Artist Spotlight: Frederick Mershimer
Mezzotint was first invented in the seventeenth century, although it did not become popular until the eighteenth century. The British particularly enjoyed the process for portraiture because of its chiaroscuro type affect, but as time went on it found use in a variety of other genres.
Frederick Mershimer was born in Sharon, Pennsylvania. He received a BFA in painting from Carnegie Mellon University in 1980. In 1982 Mershimer moved to New York City and continued his studies at the Parsons School of Design, Pratt Graphic Center, and Manhattan Graphic Center.
Mershimer celebrates the experience of New York through his art, creating evocative images that transports the viewer beyond first appearances and reveal hidden beauty of the contemporary city. Before moving to New York, Mershimer worked exclusively as a figurative artist, but his attention was quickly diverted by the power and energy of the city around him. At first glance, his work can be interpreted as bold naturalism. Yet, he skillfully choreographs lighting and detail while altering perspective to draw the viewer's attention to the essence of the piece. His mezzotints speak to both the grit and grandeur of this modern American city.
To translate his visions Mershimer has chosen Mezzotint - a tonal medium capable of achieving rich blacks and subtle gradations of grays. This painstaking technique requires the artist to spend long hours preparing the “texture ground” on the plate before the detail work of the actual image can begin. This preparatory work is done using a curved serrated blade called a rocker.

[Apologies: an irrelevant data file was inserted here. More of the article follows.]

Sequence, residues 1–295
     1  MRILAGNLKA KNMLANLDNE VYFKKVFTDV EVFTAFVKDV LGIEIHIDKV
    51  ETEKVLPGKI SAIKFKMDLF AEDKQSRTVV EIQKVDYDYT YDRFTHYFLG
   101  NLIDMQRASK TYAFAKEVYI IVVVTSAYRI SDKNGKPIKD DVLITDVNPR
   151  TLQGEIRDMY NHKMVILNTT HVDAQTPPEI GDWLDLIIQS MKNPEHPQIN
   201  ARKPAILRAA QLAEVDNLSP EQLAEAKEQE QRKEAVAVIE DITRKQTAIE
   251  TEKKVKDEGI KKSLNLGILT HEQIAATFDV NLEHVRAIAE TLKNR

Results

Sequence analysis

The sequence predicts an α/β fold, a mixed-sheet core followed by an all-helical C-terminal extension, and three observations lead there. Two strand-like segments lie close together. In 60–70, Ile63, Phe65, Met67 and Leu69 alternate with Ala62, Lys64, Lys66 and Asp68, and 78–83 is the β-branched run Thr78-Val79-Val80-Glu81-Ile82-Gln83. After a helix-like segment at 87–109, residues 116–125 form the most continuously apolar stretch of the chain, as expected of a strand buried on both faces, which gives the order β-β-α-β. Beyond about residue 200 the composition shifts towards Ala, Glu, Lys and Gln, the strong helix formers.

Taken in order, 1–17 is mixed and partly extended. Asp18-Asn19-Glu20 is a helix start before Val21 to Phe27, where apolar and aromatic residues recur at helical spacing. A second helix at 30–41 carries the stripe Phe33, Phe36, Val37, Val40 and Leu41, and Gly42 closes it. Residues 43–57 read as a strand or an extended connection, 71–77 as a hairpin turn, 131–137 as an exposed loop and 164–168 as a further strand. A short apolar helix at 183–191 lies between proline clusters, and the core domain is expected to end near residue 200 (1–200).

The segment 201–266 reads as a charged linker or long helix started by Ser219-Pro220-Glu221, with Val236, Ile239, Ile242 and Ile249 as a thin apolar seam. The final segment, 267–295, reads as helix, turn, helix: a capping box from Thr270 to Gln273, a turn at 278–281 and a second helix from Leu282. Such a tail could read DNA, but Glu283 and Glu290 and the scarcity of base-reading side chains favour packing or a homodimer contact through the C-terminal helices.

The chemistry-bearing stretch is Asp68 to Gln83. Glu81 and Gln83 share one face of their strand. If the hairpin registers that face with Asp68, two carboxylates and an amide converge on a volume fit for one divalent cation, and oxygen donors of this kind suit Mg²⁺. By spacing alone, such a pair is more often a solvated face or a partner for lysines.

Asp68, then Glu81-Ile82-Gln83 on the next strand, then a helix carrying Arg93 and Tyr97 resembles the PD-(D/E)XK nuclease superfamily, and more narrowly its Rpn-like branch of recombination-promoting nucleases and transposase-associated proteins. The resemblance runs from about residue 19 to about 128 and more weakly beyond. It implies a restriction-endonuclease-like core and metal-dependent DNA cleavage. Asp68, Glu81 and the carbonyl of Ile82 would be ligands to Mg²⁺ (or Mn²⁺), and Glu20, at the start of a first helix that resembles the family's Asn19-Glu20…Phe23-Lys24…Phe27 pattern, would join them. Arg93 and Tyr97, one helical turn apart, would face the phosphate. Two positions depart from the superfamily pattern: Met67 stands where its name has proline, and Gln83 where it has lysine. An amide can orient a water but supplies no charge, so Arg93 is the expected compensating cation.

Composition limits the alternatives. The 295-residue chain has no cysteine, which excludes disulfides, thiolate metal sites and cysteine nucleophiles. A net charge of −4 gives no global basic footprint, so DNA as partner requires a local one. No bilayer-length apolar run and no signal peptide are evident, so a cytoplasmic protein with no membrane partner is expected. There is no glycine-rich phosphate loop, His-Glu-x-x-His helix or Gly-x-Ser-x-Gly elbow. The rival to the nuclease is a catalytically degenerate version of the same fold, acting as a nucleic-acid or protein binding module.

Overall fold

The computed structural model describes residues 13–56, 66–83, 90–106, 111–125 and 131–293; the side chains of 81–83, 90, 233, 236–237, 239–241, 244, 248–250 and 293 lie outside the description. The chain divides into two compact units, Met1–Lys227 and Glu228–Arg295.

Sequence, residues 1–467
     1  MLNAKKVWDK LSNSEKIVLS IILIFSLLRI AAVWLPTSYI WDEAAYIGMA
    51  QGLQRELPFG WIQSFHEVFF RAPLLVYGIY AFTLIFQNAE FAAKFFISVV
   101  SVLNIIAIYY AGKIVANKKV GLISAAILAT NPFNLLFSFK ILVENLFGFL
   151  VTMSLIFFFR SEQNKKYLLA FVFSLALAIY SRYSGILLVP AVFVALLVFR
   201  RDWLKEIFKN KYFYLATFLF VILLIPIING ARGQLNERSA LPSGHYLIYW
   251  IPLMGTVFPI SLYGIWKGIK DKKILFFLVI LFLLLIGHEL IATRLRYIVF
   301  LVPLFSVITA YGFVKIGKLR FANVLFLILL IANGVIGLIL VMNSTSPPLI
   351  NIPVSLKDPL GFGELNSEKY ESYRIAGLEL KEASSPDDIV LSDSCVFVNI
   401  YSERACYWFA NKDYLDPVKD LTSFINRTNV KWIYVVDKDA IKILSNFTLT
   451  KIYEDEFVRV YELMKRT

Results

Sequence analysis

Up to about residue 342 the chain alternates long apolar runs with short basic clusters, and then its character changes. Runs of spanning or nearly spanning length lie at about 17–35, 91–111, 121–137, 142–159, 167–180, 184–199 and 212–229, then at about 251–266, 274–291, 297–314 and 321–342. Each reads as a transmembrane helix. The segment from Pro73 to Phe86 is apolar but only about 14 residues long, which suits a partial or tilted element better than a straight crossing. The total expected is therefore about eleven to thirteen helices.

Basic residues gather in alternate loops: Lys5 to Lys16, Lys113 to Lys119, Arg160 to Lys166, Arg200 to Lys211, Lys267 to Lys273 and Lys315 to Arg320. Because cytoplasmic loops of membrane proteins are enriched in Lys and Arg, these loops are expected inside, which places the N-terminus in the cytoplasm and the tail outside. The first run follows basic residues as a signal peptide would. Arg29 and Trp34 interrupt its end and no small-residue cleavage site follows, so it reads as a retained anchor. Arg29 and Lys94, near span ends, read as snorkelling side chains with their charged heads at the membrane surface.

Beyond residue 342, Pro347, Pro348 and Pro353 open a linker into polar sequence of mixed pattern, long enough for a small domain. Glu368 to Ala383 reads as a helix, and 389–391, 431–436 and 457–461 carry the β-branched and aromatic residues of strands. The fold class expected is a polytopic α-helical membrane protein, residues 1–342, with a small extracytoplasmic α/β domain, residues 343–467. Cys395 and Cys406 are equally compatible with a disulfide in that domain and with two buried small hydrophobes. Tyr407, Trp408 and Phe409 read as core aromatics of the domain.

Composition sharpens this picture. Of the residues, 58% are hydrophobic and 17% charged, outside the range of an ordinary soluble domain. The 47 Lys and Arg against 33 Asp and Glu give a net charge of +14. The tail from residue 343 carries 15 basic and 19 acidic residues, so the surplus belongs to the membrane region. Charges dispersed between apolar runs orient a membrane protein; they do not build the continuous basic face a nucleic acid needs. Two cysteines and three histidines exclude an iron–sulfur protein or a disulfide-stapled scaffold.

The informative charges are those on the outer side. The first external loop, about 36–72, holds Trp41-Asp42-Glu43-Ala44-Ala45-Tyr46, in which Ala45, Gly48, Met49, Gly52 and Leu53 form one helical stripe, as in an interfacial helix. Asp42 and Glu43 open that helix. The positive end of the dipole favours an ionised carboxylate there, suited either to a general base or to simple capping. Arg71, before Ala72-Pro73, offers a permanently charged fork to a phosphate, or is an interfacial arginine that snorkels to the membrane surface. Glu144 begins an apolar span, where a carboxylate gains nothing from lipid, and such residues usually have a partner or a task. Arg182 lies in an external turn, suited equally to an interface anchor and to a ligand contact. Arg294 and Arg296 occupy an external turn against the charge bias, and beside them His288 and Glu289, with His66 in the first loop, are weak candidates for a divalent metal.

Mershimer's work is in many collections including The Corcoran Gallery, Washington, DC; Cleveland Museum of Art, OH; Museum of the City of New York, NY; National Museum of American Art/Smithsonian Institution, Washington, DC; New Orleans Museum of Art, LA; Queens Museum of Art, NY; and the Whitney Museum of American Art, NY. His works have also been acquired by the Georgetown University Art Collection, Harvard's Fogg Museum, Library of Congress, New York Public Library, University of Arizona, and the University of New Mexico.
- 1982 Mershimer
- Carnegie Mellon University
- Cleveland Museum of Art
- Frederick Mershimer
- National Museum of American Art/Smithsonian Institution
- Parsons School of Design
- Pratt Graphic Center
- Fine Art
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